And the scene when Wotan, angry, fired up and irritable as ever, came for Brünnhilde to shake her up a bit for disobeying his orders, he had more than a fight on his hands to get to her. The Valkyries shielded Brünnhilde by gathering together in a protective circle, one of the oldest-known forms of defense, trying (but in vain) to halt his progress while Donald Runnicles and his charges in the pit fired up Wagner to boiling-point.

Father and daughter - sung by Iain Paterson and Evelyn Herlitzius - forged an endearing partnership and Paterson commanded the stage in a manner befitting Wotan’s arrogance and superiority while Herlitzius, adorned with long-flowing red hair, interpreted Brünnhilde as a free-thinking independent woman showing athleticism and grit as the young warrior maiden. Fricka, eloquently and regally sung by Daniela Sindram, put in a sound performance in her tête-à-tête with her unfaithful and wandering husband, Wotan. And in Götterdämmerung she also gave a lovely performance as Waltraute in the brilliant scene where she warns Brünnhilde to give up the Ring but, of course, to no effect.

The visual effects and pyrotechnical action that one was treated to at the end of Walküre was mightily impressive. Loge spun pure magic here! As eight fire-traps opened in quick-fire succession, the whole stage was engulfed in a barrage of billowing smoke and, coupled with a swathe of stunning lighting effects, it proved a thrilling and exciting scene. While all this was happening, Wotan was wandering about looking lost, confused and distracted in a state of despair while his favourite Valkyrie, Brünnhilde, was ‘lying-in-state’ waiting for her big moment.

That big moment comes, of course, in the last act of Siegfried, comprising, basically, one long, beautiful and impassioned love-duet. It’s such a joyous moment in the whole of the opera and Wagner’s favourite, too, who described it as ‘the most beautiful of my life’s dreams’.

And great staging, too, not least by Siegfried, heroically and passionately sung by Stefan Vinke, running the full length of the Tunnel in search of Brünnhilde, the role so brilliantly sung by Ricarda Merbeth. Her awakening hymn to the sun and to the earth was, simply, adorable.

But the opening scene of Siegfried - highlighted by a fairy-tale backcloth depicting the forest: the work of Mime creating a child-like world for Siegfried, I guess - was convincing enough with Mime (whose workshop was half built on a lower stage reminiscent of Nibelheim) and Siegfried working well off each other. Once again Burkhard Ulrich acted the part (brilliantly, may I add) with Gerhard Siegel in full voice from the wings while Elbenita Kajtazi put in a sensitive and timely reading of The Woodbird.

And the haunting, deep-sounding rumblings of the forest music were heard to good effect with the orchestral phrases wonderfully interwoven to form an impressive richly-textured musical canvas that was so pleasurable to hear in the bright acoustics and confines of such a big house as the Deutsche Oper.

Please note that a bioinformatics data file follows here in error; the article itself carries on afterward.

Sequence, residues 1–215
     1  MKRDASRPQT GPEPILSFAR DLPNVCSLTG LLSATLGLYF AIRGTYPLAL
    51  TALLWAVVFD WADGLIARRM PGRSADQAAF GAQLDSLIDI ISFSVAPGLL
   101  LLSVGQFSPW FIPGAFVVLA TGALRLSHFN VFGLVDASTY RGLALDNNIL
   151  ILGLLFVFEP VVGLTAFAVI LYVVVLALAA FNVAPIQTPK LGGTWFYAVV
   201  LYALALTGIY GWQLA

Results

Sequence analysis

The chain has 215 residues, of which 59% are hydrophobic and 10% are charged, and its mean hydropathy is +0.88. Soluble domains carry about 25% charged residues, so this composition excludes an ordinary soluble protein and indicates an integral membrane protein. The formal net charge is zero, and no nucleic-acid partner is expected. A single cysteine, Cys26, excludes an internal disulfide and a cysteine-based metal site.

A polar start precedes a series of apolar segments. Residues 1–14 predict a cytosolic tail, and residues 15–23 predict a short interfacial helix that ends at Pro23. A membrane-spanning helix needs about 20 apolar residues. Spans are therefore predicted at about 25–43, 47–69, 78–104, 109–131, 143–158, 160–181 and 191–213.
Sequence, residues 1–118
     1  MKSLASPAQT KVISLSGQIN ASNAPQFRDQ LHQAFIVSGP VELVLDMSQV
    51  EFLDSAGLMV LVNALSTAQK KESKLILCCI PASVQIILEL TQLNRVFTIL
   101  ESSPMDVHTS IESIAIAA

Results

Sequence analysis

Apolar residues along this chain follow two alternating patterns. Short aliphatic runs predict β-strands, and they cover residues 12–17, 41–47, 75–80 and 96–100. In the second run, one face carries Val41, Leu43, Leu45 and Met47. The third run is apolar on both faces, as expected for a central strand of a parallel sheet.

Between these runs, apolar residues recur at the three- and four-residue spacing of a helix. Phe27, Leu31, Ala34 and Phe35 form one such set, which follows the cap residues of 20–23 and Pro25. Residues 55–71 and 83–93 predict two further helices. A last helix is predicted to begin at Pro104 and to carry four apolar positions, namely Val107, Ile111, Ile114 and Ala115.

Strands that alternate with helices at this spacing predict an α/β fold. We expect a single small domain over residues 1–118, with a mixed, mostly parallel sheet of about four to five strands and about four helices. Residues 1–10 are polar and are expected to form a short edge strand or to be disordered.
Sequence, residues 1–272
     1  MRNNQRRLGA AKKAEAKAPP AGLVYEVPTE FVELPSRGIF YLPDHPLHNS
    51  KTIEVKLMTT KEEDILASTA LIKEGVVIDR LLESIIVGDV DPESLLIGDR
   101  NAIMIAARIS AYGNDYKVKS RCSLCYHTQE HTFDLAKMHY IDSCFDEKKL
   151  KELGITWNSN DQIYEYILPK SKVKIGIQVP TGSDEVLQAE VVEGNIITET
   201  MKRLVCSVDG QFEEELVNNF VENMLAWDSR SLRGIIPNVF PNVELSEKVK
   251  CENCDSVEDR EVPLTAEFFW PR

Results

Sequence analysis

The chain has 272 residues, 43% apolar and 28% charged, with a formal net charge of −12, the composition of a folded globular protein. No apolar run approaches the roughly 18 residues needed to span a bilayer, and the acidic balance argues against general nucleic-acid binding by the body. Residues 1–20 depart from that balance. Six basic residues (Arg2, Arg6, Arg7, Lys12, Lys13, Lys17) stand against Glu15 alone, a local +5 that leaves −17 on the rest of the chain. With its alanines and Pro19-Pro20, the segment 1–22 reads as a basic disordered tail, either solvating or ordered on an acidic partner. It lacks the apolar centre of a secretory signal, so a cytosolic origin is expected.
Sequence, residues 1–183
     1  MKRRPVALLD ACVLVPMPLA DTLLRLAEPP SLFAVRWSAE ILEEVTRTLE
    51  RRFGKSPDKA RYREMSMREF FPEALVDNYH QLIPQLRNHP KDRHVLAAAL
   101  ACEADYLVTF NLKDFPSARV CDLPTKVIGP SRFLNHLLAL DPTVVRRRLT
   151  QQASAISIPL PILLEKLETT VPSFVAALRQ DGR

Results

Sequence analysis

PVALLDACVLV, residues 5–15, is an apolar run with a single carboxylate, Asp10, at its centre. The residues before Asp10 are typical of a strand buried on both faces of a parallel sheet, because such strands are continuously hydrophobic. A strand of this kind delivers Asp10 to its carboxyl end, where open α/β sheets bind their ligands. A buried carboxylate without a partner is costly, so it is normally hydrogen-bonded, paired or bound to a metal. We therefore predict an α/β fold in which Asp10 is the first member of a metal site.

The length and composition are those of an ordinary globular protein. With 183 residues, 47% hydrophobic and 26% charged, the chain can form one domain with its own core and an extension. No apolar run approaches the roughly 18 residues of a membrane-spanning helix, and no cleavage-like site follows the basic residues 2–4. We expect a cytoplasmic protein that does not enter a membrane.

The visual content of act two was highly impressive, fashioned by military camouflage nets that also concealed the dragon before he was cornered as a fire-spouting monster. The dying Fafner, revealed looking more like a military-tank commander - maybe summing up Siegfried’s boyhood dreams - than a dragon duly predicted the young hero’s future.

Götterdämmerung - featuring the Deutsche Oper chorus, well-drilled by Raymond Hughes - was thrilling from start to finish opening with the trio of Norns, daughters of Erda, weaving the Rope of Destiny singing of the past, present and future predicting Wotan setting fire to Valhalla signalling the end of the Gods. Without warning, their rope dramatically breaks and, lamenting the loss of their wisdom, they disappear. It proved a powerful and visually-pleasing scene while Ronnita Miller, Daniela Sindram and Seyoung Park were dramatic and convincing in their respective roles. So, too, was Stefan Vinke in the retelling of his dialogue with The Woodbird. A Heldentenor, heroic in every sense of the word, commanded the stage with such consummate ease.

The beastly role of Hagen fell to Estonian bass, Ain Anger, who delivered a brilliant reading controlling Gunther (Seth Carico) and Gutrune (Ricarda Merbeth) like puppets on a string. Such was his hold. Such was his presence.

At thend of the cycle Valhalla went up in flames after the Bomb detonates once more, echoing Atlanta burning, and coupled with white-strobe lighting flashing the length and breadth of the Tunnel it showed that this historic production has not been frightened to encompass modern technology.

At curtain call the audience erupted with wild applause and cheering but when the Deutsche Oper's musical director, Scottish supremo, Donald Runnicles, took his bow, along with members of the orchestra, they more than showed their appreciation that the work done in the pit was equal to the work done on the stage. It was a standing ovation for the final bow.

And welcome to the new cycle that comes round in 2020 directed by Norwegian director, Stefan Herheim, who, from 1994 to 1999, studied under Götz Friedrich at Hochschule für Musik und Theater Hamburg. A chip off the old block, then. ‘Staging Wagner’s Ring might well be considered the toughest exercise for a director,’ he said, ‘since it requires that he declare himself both philosophically and aesthetically.’ I’ll subscribe to that.

Text © Tony Cooper
Photo © Bettina Stöß